House of Commons Transport Committee
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House of Commons Transport Committee
Competition in the local bus market
Third Report of Session 2012?13
Volume I: Report, together with formal minutes, oral and written evidence Additional written evidence is contained in Volume II, available on the Committee website at www.parliament.uk/transcom
Ordered by the House of Commons to be printed 4 September 2012
HC 10 (Incorporating HC 1861-i to iii, Session 2010-12)
Published on 13 September 2012 by authority of the House of Commons London: The Stationery Office Limited
The Transport Committee
The Transport Committee is appointed by the House of Commons to examine the expenditure, administration, and policy of the Department for Transport and its Associate Public Bodies.
Mrs Louise Ellman (Labour/Co-operative, Liverpool Riverside) (Chair) Steve Baker (Conservative, Wycombe) Jim Dobbin (Labour/Co-operative, Heywood and Middleton) Mr Tom Harris (Labour, Glasgow South) Julie Hilling (Labour, Bolton West) Kwasi Kwarteng (Conservative, Spelthorne) Mr John Leech (Liberal Democrat, Manchester Withington) Paul Maynard (Conservative, Blackpool North and Cleveleys) Iain Stewart (Conservative, Milton Keynes South) Graham Stringer (Labour, Blackley and Broughton) Julian Sturdy (Conservative, York Outer)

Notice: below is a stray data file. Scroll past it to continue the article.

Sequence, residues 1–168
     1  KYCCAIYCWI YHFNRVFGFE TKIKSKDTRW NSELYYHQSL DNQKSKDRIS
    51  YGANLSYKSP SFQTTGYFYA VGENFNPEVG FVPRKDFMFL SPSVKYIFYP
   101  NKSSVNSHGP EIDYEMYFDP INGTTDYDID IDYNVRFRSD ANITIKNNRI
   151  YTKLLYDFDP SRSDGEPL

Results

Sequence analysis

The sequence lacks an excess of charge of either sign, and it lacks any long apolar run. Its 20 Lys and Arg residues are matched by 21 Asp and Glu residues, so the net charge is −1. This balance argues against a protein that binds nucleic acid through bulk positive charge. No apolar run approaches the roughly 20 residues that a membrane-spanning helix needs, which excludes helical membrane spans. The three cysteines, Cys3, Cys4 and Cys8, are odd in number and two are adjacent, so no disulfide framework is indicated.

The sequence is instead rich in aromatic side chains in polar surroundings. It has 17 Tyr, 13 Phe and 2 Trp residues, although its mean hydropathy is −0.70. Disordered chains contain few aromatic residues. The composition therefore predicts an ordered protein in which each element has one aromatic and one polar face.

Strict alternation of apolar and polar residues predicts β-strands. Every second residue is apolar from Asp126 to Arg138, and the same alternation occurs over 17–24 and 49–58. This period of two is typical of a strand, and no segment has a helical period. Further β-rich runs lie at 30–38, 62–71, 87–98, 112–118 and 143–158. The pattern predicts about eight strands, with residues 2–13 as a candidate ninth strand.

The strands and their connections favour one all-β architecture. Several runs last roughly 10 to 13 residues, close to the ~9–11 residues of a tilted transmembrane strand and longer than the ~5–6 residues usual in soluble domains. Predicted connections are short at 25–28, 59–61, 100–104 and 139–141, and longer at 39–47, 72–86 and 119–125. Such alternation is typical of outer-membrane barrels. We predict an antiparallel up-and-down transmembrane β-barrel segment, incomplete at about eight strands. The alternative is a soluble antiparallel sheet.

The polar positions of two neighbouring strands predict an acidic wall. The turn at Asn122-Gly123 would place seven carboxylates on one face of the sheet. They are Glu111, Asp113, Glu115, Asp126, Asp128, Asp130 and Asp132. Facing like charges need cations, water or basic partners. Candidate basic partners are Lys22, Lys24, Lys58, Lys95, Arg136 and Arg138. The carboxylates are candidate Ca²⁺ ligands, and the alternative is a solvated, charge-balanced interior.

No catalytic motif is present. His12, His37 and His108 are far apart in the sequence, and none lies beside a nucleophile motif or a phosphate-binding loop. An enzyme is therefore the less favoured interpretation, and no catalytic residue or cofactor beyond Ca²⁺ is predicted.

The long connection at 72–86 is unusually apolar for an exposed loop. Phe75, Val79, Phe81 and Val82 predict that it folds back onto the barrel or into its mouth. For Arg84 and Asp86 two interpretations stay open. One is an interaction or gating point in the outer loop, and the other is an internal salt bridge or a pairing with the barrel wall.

The following were also members of the committee during the Parliament.
Angie Bray (Conservative, Ealing Central and Acton) Lilian Greenwood (Labour, Nottingham South) Kelvin Hopkins (Labour, Luton North) Gavin Shuker (Labour/Co-operative, Luton South) Angela Smith (Labour, Penistone and Stocksbridge)
The Committee is one of the departmental select committees, the powers of which are set out in House of Commons Standing Orders, principally in SO No 152. These are available on the internet via www.parliament.uk.
The Reports and evidence of the Committee are published by The Stationery Office by Order of the House. All publications of the Committee (including press notices) are on the internet at . A list of Reports of the Committee in the present Parliament is at the back of this volume.
The Reports of the Committee, the formal minutes relating to that report, oral evidence taken and some or all written evidence are available in a printed volume. Additional written evidence may be published on the internet only.